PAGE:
I don’t know what it’s like to have a hometown, and I still don’t know a simple answer to the question, “Where are you from?” I was born in Indiana. I spent 5 years in California. I knew my dad in Oregon. I felt happy in Texas. I cried hard when I left Maryland. I loved for the first time in Japan. I loved again in Germany and cried again when I left. But I can’t call even one of those places “home,” and I think it would be misleading to define myself by one or more of the places I’ve lived.
Anyway, my happiest memories aren’t of staying still. What comes to mind? Riding bikes in the dark back to Miesenbach with my brother after a pub night, dozing in the jump seat of my uncle’s truck on a drive through Utah, running up and over the impossibly steep hills of the Schwarzwald on trails to God-knows-where while the rest of town sleeps, boarding the train from Fussa with no destination in mind and hopping off at the flip of a coin, sleeping my way down the west coast in a tiny tent with a friend and two dogs, sharing a boat in Venice in Winter with the morning commuters, driving on an empty country road in Indiana with my music playing, daydreaming on the Greyhound Bus of my next trip to Illinois, or Washington, or Minnesota, or Montana, or wherever. All of those times were times I felt free, free from institutions, from houses, neighborhoods, jobs, acquaintances, and from so many of the things we own that we say we can’t live without.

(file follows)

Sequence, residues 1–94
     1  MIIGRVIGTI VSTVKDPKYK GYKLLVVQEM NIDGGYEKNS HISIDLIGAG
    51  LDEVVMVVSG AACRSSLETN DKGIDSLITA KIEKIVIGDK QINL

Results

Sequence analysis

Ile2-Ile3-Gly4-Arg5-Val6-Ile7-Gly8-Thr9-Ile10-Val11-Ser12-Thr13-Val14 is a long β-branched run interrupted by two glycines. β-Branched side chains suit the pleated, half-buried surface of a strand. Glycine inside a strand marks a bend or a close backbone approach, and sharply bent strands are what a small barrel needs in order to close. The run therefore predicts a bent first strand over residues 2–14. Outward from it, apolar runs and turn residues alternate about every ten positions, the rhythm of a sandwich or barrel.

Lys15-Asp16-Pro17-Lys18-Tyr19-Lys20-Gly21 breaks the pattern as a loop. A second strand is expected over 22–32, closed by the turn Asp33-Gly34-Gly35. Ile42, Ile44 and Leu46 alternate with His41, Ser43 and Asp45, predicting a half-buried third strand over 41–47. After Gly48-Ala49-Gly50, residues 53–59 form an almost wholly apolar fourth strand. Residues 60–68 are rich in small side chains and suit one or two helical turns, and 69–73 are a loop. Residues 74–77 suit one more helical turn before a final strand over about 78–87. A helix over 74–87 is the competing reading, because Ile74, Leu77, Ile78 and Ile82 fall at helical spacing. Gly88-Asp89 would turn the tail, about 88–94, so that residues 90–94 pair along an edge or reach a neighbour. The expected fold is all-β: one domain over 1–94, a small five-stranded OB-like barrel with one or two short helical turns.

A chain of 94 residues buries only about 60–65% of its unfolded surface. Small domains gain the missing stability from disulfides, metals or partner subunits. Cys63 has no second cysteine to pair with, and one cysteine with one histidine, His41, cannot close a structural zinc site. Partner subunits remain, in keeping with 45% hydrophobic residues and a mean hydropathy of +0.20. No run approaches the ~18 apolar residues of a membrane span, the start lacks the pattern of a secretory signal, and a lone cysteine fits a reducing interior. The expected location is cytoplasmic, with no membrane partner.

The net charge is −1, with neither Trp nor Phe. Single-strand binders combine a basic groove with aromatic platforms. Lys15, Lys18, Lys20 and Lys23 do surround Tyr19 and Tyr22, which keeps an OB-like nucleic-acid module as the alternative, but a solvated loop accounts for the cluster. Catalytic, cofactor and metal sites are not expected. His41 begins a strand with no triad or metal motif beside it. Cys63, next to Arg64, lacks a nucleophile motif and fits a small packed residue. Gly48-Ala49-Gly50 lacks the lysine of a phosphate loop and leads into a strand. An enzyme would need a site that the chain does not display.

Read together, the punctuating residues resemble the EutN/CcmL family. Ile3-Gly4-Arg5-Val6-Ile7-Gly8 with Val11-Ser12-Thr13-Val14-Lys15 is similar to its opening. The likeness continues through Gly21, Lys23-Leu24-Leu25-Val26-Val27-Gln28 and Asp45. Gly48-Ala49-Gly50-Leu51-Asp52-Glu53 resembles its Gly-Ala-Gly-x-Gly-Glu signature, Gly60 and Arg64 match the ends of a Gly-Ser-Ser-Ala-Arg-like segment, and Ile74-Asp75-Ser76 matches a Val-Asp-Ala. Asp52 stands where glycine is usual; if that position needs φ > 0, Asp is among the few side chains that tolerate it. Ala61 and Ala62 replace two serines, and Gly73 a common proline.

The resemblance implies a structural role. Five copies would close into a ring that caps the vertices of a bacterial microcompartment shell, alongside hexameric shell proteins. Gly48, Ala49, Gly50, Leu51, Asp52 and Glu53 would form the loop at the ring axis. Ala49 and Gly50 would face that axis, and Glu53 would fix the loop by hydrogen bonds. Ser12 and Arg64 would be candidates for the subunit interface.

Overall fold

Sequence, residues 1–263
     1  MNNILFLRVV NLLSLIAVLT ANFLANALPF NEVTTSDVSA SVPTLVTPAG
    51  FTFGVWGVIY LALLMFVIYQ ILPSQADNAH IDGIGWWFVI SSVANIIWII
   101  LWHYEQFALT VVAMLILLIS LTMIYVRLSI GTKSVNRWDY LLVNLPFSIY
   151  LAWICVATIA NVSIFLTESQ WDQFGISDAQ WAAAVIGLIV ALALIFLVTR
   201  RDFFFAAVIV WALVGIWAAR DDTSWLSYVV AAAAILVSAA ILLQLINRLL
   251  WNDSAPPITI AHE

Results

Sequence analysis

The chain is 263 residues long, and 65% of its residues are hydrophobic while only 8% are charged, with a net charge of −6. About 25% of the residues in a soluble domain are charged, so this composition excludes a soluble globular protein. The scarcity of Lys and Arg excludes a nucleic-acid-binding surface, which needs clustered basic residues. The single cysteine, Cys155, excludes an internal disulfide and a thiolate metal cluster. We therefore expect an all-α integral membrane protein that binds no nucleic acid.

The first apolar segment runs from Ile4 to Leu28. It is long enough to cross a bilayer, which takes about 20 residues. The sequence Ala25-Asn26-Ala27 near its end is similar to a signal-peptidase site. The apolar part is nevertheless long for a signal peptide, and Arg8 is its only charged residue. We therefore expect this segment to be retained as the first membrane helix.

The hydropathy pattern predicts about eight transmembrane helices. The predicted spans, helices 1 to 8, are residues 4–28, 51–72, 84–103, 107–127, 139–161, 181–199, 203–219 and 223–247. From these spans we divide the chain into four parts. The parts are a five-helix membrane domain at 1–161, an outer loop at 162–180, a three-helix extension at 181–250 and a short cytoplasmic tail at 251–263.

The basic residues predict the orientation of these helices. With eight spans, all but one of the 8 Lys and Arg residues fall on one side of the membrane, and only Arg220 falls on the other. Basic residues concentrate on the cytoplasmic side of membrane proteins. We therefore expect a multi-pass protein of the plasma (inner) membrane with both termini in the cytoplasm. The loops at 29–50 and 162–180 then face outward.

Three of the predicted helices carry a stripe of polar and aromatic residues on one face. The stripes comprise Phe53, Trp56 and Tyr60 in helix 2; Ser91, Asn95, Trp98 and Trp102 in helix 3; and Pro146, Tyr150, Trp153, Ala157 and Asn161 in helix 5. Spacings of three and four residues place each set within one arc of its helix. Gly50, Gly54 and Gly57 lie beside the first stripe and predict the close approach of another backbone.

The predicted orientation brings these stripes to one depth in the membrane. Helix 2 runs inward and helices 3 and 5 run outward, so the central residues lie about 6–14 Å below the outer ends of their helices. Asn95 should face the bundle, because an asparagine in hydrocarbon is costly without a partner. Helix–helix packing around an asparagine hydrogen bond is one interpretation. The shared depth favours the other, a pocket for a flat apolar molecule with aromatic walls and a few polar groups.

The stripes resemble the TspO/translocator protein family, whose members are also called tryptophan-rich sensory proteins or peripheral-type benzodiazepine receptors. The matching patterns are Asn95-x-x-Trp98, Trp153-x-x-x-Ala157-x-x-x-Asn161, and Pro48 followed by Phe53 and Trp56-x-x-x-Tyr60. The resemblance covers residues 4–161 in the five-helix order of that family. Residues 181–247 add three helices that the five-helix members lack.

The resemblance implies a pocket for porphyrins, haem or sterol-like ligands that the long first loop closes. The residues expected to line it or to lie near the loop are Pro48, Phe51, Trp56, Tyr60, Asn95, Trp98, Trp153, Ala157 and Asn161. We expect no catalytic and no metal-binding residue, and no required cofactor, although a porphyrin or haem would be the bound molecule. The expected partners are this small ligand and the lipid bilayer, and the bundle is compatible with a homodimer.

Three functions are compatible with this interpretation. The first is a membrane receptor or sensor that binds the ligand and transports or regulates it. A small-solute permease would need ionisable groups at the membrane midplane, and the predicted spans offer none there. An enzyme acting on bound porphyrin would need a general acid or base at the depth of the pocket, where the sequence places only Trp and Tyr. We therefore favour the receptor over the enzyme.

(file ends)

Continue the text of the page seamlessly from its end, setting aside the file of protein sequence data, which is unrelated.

It’s not wrong by any means to have a home, but I’ve made it this far without one, and I count myself lucky. I only know who I am when I’m in transit, and the farther I go, the lighter my burden becomes. Of course, it’s completely possible that I’ll want a home one day, but for now, I’ll just keep on moving.